The Burger J exploration well in Alaska’s Chukchi Sea was drilled in September 2015. Image courtesy of Royal Dutch Shell PLC.
The Arctic Challenger containment barge was used during the Chukchi Sea drilling operations. Image courtesy of Royal Dutch Shell PLC.
Shell’s Chukchi Sea Permit starts from north of Point barrow, Alaska. Image courtesy of Royal Dutch Shell PLC.

The Chukchi Sea is situated offshore, north-west of Prudhoe Bay, Alaska. The sea comes under the Arctic ecosystem, which is not favourable for oil drilling because of its climate, ice-covered sea and risk of an oil spill. However, due to an increase in demand for oil and the high price of oil and gas, the US Government had to proceed with developing offshore resources.

Shell purchased a portion of the lease area 193 by for $2.1bn in 2008. The sale was intended to lease the Chukchi area to bidding companies for further development. The sale of lease area 193 was completed in February 2008.

Minerals Management Service (MMS), the federal agency responsible for managing US oil, gas and minerals resources in the Outer Continental shelf, manages lease area 193. The sale marked the first Chukchi Sea lease sale in 1991 and the third offshore lease sale in the Chukchi Sea.

Environmental groups opposed the deal contending that there was no mechanism in place to clean up the Arctic Ocean in case of an oil spill. Though the US Government has cancelled all the future leases in the Arctic Ocean till 2012, the Chukchi Sea Lease Area 193 was affirmed in 2011.

Seven companies bid and purchased different portions in the lease 193 zone. The companies include ConocoPhillips, Shell Gulf of Mexico, StatoilHydro USA E&P, the North American Case Research Association (NACRA), Repsol E&P USA, Eni and Iona Energy Company.

“Shell purchased a portion of the lease area 193 in the Chukchi Sea for $2.1bn in 2008.”

Lease sale 193 was proposed earlier in the Federal Government’s 2002-2007 oil and gas leasing programme but was delayed by the MMS due to incomplete environmental analysis. It was later added in the 2007-2012 leasing programme and finally executed in 2008.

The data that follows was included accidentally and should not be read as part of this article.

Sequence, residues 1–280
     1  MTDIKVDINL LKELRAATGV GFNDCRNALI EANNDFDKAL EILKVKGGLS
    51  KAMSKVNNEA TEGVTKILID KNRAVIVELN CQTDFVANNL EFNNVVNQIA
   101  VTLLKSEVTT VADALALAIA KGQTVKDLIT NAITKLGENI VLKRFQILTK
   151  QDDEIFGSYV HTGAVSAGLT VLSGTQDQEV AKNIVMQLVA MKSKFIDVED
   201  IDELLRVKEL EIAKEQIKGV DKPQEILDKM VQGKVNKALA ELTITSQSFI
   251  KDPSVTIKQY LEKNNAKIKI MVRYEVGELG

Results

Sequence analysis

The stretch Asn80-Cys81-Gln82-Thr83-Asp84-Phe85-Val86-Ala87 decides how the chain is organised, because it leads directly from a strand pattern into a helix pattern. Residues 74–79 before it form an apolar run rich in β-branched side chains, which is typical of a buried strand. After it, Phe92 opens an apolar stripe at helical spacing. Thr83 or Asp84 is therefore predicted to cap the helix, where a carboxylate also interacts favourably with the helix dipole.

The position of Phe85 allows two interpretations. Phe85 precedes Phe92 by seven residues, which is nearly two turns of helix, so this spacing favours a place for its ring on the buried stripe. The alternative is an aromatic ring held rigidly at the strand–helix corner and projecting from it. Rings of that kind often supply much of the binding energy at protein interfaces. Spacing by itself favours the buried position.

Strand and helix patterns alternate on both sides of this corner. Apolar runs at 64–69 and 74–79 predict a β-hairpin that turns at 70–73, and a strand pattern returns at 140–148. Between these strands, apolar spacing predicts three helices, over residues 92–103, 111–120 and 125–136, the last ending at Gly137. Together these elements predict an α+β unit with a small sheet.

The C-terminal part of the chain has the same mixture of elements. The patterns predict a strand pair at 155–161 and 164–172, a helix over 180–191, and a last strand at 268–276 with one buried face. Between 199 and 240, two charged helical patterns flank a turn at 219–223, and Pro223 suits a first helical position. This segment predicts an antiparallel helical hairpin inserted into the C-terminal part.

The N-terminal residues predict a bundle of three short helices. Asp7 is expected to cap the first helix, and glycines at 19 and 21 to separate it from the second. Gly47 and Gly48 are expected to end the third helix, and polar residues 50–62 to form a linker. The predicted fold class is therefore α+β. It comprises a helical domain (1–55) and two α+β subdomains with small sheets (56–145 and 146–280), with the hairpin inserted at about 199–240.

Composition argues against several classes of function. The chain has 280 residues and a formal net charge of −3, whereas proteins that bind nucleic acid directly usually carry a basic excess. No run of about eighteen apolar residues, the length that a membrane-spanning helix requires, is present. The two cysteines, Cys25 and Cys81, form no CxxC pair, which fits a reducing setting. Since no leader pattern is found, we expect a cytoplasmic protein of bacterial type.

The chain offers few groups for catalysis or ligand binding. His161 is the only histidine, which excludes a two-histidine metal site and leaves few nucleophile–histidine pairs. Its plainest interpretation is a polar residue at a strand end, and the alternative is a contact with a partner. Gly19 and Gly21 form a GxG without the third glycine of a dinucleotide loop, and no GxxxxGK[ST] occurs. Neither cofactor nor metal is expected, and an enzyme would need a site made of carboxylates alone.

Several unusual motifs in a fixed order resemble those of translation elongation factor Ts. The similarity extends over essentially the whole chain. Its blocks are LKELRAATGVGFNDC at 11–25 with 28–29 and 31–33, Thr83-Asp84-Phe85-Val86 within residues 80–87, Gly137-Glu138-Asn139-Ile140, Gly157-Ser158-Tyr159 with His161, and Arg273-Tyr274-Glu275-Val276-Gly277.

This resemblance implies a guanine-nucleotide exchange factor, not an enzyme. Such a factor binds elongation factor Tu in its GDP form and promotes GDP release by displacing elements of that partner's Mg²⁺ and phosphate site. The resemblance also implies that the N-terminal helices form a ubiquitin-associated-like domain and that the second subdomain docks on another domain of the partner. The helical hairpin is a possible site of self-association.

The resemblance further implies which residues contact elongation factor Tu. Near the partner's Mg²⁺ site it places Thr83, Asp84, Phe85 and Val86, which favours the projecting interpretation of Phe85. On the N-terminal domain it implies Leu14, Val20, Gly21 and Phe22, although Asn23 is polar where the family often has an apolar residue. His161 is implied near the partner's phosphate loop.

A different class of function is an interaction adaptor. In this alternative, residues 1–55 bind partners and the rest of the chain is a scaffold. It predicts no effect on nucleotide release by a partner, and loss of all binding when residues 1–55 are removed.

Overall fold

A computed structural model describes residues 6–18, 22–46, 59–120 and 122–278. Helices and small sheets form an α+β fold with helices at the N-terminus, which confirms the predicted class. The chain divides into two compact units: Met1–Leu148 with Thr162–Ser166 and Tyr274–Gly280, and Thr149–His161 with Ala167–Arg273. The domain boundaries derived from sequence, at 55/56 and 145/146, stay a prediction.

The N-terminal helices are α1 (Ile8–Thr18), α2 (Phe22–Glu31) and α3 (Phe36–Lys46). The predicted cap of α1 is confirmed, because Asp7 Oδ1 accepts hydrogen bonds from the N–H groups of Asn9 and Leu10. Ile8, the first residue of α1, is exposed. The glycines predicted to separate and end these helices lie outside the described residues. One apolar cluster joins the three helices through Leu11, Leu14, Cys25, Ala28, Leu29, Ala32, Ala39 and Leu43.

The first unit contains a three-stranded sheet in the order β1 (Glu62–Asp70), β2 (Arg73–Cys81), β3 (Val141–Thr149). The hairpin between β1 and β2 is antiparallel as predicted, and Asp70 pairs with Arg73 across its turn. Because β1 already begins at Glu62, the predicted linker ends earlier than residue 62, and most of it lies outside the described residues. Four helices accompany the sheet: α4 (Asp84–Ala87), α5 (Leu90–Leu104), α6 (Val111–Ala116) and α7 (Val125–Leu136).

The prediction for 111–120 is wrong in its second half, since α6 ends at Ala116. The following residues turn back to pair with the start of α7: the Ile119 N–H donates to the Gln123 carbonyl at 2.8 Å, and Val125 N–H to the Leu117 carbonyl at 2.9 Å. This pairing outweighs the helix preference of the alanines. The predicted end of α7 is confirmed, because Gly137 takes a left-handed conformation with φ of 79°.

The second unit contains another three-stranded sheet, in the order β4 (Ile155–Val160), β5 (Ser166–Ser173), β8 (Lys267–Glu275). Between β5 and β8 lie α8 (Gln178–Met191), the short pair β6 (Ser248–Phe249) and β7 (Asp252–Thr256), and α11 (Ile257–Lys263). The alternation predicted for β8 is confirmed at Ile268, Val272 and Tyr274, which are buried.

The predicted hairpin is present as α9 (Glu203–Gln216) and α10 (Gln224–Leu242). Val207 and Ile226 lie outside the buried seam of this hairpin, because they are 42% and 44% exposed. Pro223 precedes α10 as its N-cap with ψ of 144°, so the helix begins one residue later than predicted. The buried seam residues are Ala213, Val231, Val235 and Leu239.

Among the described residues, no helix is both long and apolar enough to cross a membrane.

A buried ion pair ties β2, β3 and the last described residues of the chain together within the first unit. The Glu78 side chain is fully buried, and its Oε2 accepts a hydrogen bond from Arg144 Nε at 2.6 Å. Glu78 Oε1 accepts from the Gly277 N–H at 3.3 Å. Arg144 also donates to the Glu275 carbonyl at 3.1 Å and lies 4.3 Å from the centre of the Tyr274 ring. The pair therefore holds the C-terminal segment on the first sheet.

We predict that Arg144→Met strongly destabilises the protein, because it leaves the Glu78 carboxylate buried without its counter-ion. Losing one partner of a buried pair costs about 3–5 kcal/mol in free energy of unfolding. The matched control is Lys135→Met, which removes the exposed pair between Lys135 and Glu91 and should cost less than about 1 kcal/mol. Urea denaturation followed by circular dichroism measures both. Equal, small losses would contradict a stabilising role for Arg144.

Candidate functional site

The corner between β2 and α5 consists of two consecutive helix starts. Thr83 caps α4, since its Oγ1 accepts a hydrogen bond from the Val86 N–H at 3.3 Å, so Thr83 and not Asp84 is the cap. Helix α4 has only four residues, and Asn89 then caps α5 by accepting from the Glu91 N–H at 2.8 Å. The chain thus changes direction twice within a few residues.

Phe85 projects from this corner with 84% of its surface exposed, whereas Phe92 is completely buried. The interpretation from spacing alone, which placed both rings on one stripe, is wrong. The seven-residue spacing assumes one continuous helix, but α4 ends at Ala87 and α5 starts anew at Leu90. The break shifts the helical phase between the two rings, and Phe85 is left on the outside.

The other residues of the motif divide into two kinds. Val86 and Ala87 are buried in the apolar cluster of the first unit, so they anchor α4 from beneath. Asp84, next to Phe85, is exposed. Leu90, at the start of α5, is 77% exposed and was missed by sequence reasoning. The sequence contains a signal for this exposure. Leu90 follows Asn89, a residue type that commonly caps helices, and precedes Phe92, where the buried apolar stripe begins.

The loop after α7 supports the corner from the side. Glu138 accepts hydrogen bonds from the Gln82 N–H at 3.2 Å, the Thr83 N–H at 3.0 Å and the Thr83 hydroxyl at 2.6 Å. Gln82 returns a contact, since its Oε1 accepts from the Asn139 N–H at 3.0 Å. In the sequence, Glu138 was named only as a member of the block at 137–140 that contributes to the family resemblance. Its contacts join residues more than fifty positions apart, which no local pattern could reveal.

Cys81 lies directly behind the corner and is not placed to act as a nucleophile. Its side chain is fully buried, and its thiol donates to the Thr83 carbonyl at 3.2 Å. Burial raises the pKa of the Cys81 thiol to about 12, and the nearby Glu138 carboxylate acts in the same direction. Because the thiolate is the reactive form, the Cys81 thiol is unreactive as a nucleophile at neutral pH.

Prior to 193, two lease sales, 109 and 126, were carried out in 1988 and 1991. A total of 351 and 28 leases were issued respectively in these areas. Five prospects were drilled, however, there was no trace of commercial quantities of oil or gas.

The leases expired and exploration discontinued in 1992. With the recent lease sale 193, the exploration is set to restart again.

Shell received approval for the original Chukchi Sea exploration plan in 2009. Over the next few years, the company came up with revisions before obtaining conditional consent for the project in 2015.

Shell announced the end of exploration in the Chukchi Sea region in September 2015. The Burger J exploration well was decided to be sealed and abandoned as per US regulations.

Shell’s Chukchi Sea permit location

The 193 lease area starts from north of Point Barrow and extends to north-west of Cape Lisburne and encompasses more than 29 million acres. The area covers 25 to 50 miles from shore out to 200 miles offshore. While the entire Chukchi Sea lease sale area consists of 5,354 blocks, the prospect leased to Shell under sale 193 includes 275 blocks.

Chukchi Sea reserves

The total reserves of the sea area are estimated to be in the range of four to 77 billion barrels of oil equivalent energy (boe) as per the MMS.

Lease 193 area development plans

Shell plans to develop four fields over the leased area. The first, second and fourth fields will be used to produce oil and associated gas, while field three will provide natural gas and condensate.